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Ross v. United Services Automobile Association

United States District Court, S.D. Ohio, Western Division

December 11, 2017

KEESYA D. ROSS, Plaintiff,
v.
UNITED SERVICES AUTOMOBILE ASSOCIATION, Defendant.

          Walter H. Rice District Judge.

          REPORT AND RECOMMENDATION [1] THAT: (1) DEFENDANT'S MOTION TO DISMISS (DOC. 9) BE GRANTED; (2) PRO SE PLAINTIFF'S COMPLAINT BE DISMISSED WITHOUT PREJUDICE; (3) PRO SE PLAINTIFF'S MOTION FOR LEAVE TO FILE AN AMENDED COMPLAINT (DOC. 12) BE DENIED; AND (4) THIS CASE BE TERMINATED ON THE COURT'S DOCKET

          Michael J. Newman United States Magistrate Judge.

         This case is presently before the Court on Defendant United Services Automobile Association's (“USAA”) motion to dismiss for lack of jurisdiction. Doc. 9. Pursuant to the Local Rules of this Court, pro se Plaintiff's memorandum in opposition was to be filed on or before October 9, 2017. Pro se Plaintiff originally failed to file a memorandum in opposition with the Court and, on October 17, 2017, the undersigned issued an Order to Show Cause directing Plaintiff to show cause, in writing, as to why USAA's motion to dismiss should not be granted for the reasons set forth therein. Thereafter, pro se Plaintiff filed a response to the Court's Order to Show Cause and requested leave to amend the complaint. Doc. 12. USAA filed a reply memorandum in support of its motion to dismiss. Doc. 11. The Court has carefully considered all of the foregoing, and USAA's motion to dismiss is now ripe.

         I.

         This case arises out of an automobile accident that occurred in Daytona Beach, Florida on July 21, 2015. Doc. 3 at PageID 17-18. At the time of the accident, Plaintiff -- an Ohio resident[2]-- was a passenger in a vehicle owned and driven by Curtis Smith. Id. at PageID 18. The accident occurred when Smith's vehicle was rear-ended by another vehicle driven by tortfeasor Dyrell Johnson -- a non-party to this suit. Id.

         At the time of the accident, Smith was insured through a policy issued by USAA, and such policy provided uninsured and underinsured motorist coverage. Id. Plaintiff alleges that, because she was a passenger in Smith's vehicle at the time of the accident, she was an insured under the USAA policy. Id. Johnson was also insured at the time of the accident, but the limit of Johnson's liability insurance was only $10, 000.00. Id.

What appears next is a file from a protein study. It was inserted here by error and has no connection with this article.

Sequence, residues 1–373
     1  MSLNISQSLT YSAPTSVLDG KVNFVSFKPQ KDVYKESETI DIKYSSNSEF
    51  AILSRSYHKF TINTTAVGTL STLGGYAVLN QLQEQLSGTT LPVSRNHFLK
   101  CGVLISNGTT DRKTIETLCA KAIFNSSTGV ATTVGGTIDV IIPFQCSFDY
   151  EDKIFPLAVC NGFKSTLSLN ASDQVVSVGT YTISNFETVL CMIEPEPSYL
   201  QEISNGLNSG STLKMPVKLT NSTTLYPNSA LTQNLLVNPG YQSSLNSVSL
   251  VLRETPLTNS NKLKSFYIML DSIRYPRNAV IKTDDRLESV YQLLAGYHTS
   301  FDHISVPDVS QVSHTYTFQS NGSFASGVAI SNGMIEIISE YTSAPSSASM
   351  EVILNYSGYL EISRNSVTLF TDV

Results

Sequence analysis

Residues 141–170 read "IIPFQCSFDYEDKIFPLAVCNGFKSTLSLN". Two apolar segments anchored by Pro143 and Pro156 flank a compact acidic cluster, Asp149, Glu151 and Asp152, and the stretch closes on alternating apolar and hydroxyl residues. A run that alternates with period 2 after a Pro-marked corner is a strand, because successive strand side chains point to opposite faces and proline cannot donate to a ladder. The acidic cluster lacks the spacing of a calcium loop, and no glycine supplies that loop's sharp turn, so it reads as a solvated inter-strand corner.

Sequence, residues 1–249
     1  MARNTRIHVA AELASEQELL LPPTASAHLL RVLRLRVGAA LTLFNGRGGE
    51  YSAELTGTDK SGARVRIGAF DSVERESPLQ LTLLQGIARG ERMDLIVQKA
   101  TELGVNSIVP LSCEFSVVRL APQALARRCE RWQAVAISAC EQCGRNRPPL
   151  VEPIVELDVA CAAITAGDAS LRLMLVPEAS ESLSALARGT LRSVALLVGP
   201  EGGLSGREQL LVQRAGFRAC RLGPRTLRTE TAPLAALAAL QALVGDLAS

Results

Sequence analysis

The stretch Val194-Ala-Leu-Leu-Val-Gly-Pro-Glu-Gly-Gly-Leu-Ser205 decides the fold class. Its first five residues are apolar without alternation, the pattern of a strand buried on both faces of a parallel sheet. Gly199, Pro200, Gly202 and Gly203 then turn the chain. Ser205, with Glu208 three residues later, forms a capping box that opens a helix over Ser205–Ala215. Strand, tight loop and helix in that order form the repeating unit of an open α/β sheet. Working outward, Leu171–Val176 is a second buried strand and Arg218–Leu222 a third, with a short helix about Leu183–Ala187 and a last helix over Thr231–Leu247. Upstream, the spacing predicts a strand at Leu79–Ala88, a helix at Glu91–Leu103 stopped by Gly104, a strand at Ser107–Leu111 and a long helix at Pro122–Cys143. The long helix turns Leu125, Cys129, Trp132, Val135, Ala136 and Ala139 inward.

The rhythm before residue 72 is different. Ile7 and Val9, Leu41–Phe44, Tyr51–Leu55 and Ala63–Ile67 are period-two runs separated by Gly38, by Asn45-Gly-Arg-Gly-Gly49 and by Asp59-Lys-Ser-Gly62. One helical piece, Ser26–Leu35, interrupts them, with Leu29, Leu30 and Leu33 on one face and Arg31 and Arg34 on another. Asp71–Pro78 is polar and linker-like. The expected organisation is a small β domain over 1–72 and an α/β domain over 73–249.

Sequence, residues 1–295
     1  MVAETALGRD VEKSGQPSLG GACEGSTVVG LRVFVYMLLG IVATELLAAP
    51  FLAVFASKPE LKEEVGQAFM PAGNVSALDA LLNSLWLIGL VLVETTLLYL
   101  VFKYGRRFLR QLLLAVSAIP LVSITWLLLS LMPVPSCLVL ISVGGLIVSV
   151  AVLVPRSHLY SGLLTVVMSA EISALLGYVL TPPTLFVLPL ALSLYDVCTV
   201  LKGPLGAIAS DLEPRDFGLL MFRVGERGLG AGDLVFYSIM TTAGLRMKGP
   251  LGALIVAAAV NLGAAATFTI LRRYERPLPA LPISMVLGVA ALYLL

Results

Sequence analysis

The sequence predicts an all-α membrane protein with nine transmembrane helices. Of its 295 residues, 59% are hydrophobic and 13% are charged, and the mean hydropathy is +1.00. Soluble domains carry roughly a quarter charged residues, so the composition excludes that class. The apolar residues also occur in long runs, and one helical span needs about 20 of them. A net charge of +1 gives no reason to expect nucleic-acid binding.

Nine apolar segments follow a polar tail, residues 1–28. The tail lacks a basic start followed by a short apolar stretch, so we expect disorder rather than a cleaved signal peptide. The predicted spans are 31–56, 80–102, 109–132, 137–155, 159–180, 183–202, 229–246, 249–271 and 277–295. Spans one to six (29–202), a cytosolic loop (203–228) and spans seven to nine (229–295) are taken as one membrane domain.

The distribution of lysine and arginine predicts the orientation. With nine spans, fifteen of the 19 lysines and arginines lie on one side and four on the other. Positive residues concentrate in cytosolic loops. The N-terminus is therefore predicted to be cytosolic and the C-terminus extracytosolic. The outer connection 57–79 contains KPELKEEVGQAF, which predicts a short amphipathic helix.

Following the accident, Johnson's liability insurer settled with and paid Plaintiff the limits of Johnson's insurance policy. Id. Plaintiff alleges, however, that the limits of Johnson's insurance policy were insufficient to compensate her in full for the injury and loss she sustained in the automobile accident. Id. Plaintiff brings this action against Defendant seeking underinsured motorist coverage under Smith's USAA policy. Id. at PageID 18-19. In addition, Plaintiff alleges that USAA has failed “to act in good faith[.]” Id. at PageID 19. Accordingly, liberally construing pro se Plaintiff's complaint, the undersigned concludes Plaintiff has pled a breach of contract claim as well as a tort claim asserting bad faith. Id.

         II.

         In its motion, USAA moves to dismiss pro se Plaintiff's complaint, arguing that the Court lacks diversity jurisdiction over this dispute. Doc. 9. A motion to dismiss pursuant to Fed.R.Civ.P. 12(b)(1) asserts that the court lacks subject-matter jurisdiction. Such a motion may consist of a “facial attack, ” under which the moving party asserts that the allegations of the complaint are not sufficient to establish jurisdiction, or a “factual attack, ” under which the court may consider evidence to determine if jurisdiction does or does not exist. O'Bryan v. Holy See, 556 F.3d 361, 376-77 (6th Cir. 2009). Here, USAA sets forth a factual attack. See doc. 9. To resolve a factual attack, the Court must “weigh the conflicting evidence to arrive at the factual predicate that subject matter jurisdiction exists or does not exist” and, in so doing, “has wide discretion to allow affidavits, documents and even a limited evidentiary hearing to resolve disputed jurisdictional facts.” Ohio Nat. Life Ins. Co. v. United States, 922 F.2d 320, 325 (6th Cir. 1990).